Y2OyVeyAs we celebrate the 2000th anniversary of our decision to throw away a perfectly good Jewish calendar, the media as usual is going insane. Journalists love three things: bad news, lists, and free shrimp. Of course, their shrimp-love (the one that dare not speak its name) is kept safely behind the cameras and off the news pages. But evidence of the other two journalistic priorities can be found everywhere.
All of the cable news networks are on high-alert. All the producers at CNNFOXMSNBC will be at their desks. And there will be no Y2K parties for the underwear models and empty suits with important hair who serve as TV anchors. They are ready for anything. As one television producer says about Y2K coverage, “nothing is going to happen and we’re going to cover it like hell!” About five times an hour some TV-head asks a normally responsible terrorism expert, “what is the worst possible scenario you can think of?” The terrorism expert, presented with a choice of saying something responsible but dull or something exciting but reckless, invariably, chooses the reckless.
“Well Chuck, there is an outside possibility that mutant computer monkeys will eat your brains and evil hamsters will try to take over the government.”
“When you say ‘outside possibility,’ do you mean very likely or simply probable? And, is there anything parents can do to prepare for the brain-eating computer monkey threat?”
“Well Chuck, I actually only meant it’s very unlikely.”
“I see, it is very unlikely that there is anything parents can do to prevent Armageddon, thank you very much we’re out of time. Courage.”
It isn’t that something bad might not happen, but it seems that the media is so invested in the possibility of calamity that they are aiding the very people dedicated to disrupting. Right now, if a “terrorist” gives the mayor of Podunk, Arkansas a paper cut, we’ll probably get an “America Held Hostage” marathon of all channels. It is a grand scale equivalent of how the media dispatches dozens of poncho-wearing journalists to the site of hurricane in the vain hope of catching some really good carnage. It’s a simple truism of journalism: the dog that doesn’t bite isn’t news. The millions of planes that land safely don’t get ratings. We should be prepared for the fact that journalism in the 21st century will be driven by the media’s need to find disasters where they aren’t.
Now for the second problem with Y2K coverage: all of these damned lists. Perhaps it is a personal peeve, but while the press has generated every conceivable list possible — “100 Greatest Gastrointestinal Disasters of the 20th Century” (#7 Woody Allen Eats Pork-Jalapeno Burrito — Explodes on Mia Farrow) — it has ignored the greatest human accomplishment of this or any millennium: the United States of America. Its an odd contradiction. On numerous lists Martin Luther King ranks high for his noble efforts at making this country a better place. Time magazine just rated Albert Einstein the man of the century. But Martin Luther King’s accomplishments were notable only because they made America better. Albert Einstein would be just another slave-laborer in the Soviet Union or the Third Reich if it were not for the US.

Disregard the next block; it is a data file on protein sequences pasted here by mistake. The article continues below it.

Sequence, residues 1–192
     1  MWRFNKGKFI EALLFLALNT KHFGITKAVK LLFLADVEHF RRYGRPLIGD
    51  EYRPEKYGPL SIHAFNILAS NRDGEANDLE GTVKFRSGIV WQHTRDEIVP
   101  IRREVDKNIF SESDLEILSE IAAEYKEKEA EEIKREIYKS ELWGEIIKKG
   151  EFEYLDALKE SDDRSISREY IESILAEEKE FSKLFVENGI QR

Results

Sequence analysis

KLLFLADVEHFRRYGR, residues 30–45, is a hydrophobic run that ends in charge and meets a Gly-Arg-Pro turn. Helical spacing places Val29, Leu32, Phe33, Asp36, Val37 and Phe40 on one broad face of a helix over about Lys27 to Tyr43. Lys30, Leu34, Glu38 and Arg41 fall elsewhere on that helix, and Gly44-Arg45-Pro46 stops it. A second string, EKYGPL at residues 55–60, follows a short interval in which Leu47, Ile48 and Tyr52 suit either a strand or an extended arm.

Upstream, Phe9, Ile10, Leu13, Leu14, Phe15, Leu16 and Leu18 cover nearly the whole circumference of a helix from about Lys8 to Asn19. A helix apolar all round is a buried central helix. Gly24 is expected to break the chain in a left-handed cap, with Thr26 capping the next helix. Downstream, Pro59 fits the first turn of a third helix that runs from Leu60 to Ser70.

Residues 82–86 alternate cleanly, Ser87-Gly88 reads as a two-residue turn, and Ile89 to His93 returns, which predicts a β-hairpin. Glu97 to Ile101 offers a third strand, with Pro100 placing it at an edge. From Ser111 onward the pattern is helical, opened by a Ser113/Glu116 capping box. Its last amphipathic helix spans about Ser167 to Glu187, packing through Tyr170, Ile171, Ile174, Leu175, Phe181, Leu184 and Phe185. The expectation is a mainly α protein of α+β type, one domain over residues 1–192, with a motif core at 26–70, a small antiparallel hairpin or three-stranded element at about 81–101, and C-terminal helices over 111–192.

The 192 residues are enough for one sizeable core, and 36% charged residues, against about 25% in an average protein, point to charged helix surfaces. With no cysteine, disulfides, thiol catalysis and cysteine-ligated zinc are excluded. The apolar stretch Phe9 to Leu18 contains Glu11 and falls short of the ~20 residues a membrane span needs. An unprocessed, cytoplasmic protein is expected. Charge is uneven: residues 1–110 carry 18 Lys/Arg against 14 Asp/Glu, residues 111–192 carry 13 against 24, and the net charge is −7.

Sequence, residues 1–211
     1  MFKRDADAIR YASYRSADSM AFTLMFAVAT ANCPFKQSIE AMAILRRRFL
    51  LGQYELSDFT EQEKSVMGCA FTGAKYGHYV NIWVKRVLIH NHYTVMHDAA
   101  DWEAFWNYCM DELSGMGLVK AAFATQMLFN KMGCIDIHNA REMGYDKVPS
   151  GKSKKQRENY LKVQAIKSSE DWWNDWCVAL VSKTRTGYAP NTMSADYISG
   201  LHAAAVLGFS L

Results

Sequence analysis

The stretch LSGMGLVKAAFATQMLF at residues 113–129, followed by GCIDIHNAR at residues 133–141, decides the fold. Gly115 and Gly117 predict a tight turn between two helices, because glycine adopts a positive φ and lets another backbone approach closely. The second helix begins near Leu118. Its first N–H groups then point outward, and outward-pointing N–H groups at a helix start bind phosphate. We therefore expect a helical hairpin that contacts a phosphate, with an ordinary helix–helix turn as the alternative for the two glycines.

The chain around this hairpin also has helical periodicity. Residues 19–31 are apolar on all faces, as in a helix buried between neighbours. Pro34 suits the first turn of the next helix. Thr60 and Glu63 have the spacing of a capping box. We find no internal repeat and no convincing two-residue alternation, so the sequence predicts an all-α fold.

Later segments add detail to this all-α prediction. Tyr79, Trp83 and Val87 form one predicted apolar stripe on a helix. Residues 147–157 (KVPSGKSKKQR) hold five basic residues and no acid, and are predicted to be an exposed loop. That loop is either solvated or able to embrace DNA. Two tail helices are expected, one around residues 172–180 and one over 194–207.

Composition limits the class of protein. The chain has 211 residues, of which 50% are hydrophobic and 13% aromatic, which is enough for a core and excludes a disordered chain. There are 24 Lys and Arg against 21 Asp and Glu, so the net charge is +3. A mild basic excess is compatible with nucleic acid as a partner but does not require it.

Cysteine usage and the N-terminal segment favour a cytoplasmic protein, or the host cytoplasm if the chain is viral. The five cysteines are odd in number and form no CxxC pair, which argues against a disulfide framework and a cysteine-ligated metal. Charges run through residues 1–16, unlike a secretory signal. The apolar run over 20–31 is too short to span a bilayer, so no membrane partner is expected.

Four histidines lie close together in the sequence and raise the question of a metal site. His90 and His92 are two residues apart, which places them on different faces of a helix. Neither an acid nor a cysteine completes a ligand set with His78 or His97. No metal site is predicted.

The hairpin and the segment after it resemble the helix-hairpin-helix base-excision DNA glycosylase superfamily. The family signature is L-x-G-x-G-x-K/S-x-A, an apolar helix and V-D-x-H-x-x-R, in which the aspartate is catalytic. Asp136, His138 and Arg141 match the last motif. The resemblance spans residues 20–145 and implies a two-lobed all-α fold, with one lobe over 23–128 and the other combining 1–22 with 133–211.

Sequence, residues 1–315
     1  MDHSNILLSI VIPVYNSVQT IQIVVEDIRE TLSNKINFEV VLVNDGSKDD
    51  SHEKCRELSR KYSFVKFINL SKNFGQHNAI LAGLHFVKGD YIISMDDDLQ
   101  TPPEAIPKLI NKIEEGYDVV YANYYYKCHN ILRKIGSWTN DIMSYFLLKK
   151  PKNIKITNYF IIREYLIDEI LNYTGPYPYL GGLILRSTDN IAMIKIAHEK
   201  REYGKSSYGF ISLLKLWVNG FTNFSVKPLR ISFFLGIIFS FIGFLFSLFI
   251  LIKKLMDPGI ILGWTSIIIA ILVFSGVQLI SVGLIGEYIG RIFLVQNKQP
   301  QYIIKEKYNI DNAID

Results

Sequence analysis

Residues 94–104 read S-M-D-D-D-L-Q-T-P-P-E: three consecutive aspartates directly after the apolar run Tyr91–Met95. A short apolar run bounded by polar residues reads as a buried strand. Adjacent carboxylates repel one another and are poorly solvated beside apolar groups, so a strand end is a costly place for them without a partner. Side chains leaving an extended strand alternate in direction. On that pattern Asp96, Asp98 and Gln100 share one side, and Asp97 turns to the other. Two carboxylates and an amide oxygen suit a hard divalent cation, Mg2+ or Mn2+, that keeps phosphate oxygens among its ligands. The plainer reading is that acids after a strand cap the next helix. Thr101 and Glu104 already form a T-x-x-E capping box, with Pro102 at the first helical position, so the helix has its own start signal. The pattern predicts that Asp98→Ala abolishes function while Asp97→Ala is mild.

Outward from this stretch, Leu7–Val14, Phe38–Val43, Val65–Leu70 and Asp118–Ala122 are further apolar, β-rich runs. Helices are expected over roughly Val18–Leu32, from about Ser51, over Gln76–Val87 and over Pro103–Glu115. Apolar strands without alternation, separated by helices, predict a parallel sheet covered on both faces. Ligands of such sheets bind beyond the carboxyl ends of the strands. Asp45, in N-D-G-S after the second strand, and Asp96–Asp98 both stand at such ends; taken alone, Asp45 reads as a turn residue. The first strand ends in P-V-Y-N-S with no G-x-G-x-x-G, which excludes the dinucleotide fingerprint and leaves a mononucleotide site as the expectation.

More importantly, if was not for the United States of America, the very notion that men — and women — could transcend their national, religious, or tribal affiliations would not be possible. Martin Luther King’s success came from appealing to the idea of America, not from rewriting it. The American Revolution was really the central event of a world revolution. Unlike any other nation, the United States is a creation, a construct of human intellect and will, just like the transistor or the birth control pill. And virtually all of the great accomplishments in the two hundred years since the American Revolution, stand on its shoulders. But too many journalists don’t see America as a success story. They see it as a canvas on which to depict the occasional disaster or injustice, be it a hurricane or a hate crime or even brain-eating computer monkeys. And it seems that even if I could offer them all the free shrimp in the world, I wouldn’t be able to persuade them otherwise.